My DNA Test Shows I Have Jewish Ancestry; Am I Jewish?
With the popularity of DNA testing kits and ancestry websites, I often hear from people wondering if their test results of "X% Ashkenazi Jewish" mean that they are Jewish.
What should I bring to a Passover seder?
Your best plan: Ask your hosts what you can bring for the seder, or for the dinner.
What greetings are appropriate on Passover?
There are lots of ways to say Happy Passover!
What is the story behind Hanukkah gelt?
A lot of history and tradition resides in chocolate Hanukkah gelt.
What greetings are appropriate on Hanukkah?
Here are the appropriate greetings for Hanukkah.
How many days is Sukkot?
Sukkot, the Jewish festival of booths (a harvest holiday of thanksgiving), begins on the 15th day of the Hebrew month of Tishrei.
What Greetings are Appropriate on Rosh HaShanah and Yom Kippur?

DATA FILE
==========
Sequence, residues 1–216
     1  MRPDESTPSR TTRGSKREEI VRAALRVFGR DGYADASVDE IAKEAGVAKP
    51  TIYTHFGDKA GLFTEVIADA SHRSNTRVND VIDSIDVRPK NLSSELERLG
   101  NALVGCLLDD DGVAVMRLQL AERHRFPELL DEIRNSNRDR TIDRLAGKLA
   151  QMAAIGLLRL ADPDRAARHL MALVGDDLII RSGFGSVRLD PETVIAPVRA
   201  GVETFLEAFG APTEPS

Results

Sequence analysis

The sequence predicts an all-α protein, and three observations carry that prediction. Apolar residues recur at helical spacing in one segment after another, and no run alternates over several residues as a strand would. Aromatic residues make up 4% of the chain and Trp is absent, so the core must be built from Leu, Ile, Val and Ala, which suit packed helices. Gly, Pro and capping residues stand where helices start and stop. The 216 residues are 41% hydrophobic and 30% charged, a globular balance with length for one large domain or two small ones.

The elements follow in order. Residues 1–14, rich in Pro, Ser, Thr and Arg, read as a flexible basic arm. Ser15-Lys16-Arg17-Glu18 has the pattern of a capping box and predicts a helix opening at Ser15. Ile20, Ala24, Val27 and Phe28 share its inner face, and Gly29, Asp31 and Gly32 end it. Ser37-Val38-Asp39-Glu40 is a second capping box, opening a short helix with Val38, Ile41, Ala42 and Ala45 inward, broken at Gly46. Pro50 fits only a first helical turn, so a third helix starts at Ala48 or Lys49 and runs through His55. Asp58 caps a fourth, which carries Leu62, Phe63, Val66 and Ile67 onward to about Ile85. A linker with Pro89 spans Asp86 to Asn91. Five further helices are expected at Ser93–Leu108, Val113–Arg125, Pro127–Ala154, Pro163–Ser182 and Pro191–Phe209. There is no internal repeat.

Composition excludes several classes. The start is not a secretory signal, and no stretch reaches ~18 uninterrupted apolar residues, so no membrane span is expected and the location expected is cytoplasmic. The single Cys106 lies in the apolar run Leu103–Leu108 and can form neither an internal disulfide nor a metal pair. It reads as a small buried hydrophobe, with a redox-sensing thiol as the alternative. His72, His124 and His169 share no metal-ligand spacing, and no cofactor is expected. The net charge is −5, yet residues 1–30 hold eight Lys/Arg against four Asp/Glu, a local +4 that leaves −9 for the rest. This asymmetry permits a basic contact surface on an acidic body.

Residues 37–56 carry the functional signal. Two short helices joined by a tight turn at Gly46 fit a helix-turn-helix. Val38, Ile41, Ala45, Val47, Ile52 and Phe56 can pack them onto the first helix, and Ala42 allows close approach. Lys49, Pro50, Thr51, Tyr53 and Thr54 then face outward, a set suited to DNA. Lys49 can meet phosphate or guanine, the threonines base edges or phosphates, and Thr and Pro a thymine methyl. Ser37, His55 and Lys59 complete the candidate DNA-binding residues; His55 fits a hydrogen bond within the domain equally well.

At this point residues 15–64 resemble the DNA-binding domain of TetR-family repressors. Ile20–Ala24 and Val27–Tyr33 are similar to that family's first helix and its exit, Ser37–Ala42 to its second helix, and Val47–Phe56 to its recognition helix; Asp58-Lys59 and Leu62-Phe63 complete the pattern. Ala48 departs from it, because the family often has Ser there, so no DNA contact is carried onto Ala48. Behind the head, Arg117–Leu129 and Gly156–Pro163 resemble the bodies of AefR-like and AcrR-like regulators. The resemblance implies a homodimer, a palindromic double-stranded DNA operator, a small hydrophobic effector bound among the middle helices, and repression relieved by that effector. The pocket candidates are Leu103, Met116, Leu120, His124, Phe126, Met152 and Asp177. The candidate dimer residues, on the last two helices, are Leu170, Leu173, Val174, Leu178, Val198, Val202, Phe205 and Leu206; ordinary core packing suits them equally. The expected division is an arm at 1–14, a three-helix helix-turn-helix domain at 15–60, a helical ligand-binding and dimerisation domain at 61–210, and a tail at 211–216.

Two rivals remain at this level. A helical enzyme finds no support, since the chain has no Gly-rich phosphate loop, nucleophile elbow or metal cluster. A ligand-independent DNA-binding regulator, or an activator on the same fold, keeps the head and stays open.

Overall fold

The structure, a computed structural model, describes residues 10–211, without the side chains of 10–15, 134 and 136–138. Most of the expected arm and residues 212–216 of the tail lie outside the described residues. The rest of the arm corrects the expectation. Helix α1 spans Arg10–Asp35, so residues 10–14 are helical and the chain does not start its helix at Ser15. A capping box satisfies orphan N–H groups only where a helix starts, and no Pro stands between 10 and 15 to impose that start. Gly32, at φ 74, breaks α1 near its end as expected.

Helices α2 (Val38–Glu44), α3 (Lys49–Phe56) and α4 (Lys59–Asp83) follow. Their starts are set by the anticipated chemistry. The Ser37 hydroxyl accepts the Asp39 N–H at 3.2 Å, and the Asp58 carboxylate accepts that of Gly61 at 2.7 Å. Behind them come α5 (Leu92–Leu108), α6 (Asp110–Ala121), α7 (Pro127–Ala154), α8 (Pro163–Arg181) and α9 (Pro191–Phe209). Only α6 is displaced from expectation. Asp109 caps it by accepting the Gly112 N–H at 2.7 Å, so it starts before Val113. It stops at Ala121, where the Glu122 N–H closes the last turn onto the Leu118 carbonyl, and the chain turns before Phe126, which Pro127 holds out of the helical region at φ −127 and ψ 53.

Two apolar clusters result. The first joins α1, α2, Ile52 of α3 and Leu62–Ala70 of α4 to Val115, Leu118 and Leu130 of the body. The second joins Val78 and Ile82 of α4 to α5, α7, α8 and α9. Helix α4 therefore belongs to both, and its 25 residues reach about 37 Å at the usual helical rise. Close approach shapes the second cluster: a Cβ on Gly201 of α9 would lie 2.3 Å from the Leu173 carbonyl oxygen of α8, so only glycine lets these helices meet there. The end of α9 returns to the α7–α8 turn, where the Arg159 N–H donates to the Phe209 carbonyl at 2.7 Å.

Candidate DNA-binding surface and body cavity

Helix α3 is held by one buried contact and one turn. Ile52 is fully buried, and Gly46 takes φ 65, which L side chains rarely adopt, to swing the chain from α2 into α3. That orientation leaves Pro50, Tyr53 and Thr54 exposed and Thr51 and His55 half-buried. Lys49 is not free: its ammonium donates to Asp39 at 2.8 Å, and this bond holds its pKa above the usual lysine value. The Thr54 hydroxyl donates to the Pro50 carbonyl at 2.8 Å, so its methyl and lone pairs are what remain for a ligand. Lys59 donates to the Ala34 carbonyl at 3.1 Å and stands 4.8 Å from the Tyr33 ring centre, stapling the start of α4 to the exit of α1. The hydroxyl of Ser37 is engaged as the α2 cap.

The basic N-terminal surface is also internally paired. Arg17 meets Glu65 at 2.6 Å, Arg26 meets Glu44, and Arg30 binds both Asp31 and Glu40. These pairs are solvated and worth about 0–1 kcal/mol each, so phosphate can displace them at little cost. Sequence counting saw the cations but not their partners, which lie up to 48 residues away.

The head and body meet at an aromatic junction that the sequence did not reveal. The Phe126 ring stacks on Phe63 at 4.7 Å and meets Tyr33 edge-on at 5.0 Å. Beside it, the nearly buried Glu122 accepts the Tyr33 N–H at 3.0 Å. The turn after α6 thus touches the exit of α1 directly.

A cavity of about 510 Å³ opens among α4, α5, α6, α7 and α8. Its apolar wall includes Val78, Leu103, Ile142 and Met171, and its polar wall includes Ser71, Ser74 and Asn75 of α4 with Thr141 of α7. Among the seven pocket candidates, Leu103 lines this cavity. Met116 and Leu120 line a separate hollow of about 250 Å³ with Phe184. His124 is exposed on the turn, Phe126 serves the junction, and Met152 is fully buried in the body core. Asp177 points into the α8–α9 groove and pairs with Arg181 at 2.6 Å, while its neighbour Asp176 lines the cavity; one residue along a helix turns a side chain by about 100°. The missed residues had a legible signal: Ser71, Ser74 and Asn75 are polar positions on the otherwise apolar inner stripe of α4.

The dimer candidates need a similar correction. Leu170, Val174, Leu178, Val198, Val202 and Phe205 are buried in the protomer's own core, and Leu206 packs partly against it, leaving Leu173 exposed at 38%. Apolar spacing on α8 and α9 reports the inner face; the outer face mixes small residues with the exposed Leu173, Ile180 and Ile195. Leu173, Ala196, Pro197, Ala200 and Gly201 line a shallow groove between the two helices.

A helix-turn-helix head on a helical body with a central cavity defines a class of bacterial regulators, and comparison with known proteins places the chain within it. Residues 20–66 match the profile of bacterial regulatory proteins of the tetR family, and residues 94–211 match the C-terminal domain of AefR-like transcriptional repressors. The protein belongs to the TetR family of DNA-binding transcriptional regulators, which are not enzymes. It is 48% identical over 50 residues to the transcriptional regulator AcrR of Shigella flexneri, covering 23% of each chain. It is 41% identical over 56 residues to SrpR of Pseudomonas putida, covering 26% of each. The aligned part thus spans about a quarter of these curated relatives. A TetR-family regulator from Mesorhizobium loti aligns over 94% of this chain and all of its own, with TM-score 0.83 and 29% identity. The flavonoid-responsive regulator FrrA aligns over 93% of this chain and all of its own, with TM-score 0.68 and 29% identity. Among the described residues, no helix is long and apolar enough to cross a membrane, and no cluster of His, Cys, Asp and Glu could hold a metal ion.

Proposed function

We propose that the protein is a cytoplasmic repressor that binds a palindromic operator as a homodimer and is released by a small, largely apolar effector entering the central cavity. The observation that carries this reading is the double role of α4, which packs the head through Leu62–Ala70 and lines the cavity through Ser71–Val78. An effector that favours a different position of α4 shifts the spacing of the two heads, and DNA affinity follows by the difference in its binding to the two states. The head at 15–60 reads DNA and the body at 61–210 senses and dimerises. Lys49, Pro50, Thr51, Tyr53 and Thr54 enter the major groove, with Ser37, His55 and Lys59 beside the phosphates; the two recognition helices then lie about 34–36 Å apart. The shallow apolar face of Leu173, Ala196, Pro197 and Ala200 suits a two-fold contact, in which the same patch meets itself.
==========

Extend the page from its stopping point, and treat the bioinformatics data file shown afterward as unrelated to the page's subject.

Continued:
Here are the appropriate greetings for the Jewish new year and the Day of Atonement.
Why do we observe Shavuot by studying all night?
Since the Rabbinic period, Shavuot has been tied to the story of receiving the Torah. Connected to this, Shavuot has come to be dedicated to the idea of Torah study and Jewish education. One custom is an all-night [or late night] study session held on the first evening of the...
Beyond the revelry, is there a more serious side to observing Purim?
As joyous as the holiday is, it is also a time for serious reflection on the duties of a Jew toward their community, particularly in a post-Holocaust world. The day before the holiday is a minor fast day, the Fast of Esther, timed to coincide with Esther’s own fast on...
Why is caring for the environment emphasized on Tu BiShvat?
Tu BiShvat is a minor festival whose provenance dates only to the time of the Second Temple. However, the kabbalists who clustered around the great fifteenth-century mystic Isaac Luria of Safed placed great weight on the holiday, creating new festivities, gatherings at which hymns were sung, fruit (particularly carob) was eaten, and four cups of wine were taken (as in the Passover seder).
Why do we celebrate Tu BiShvat, the Jewish “New Year of the Trees,” in the middle of winter?
Tu BiShvat, called the "New Year of the Trees," falls at a seemingly incongruous time of year.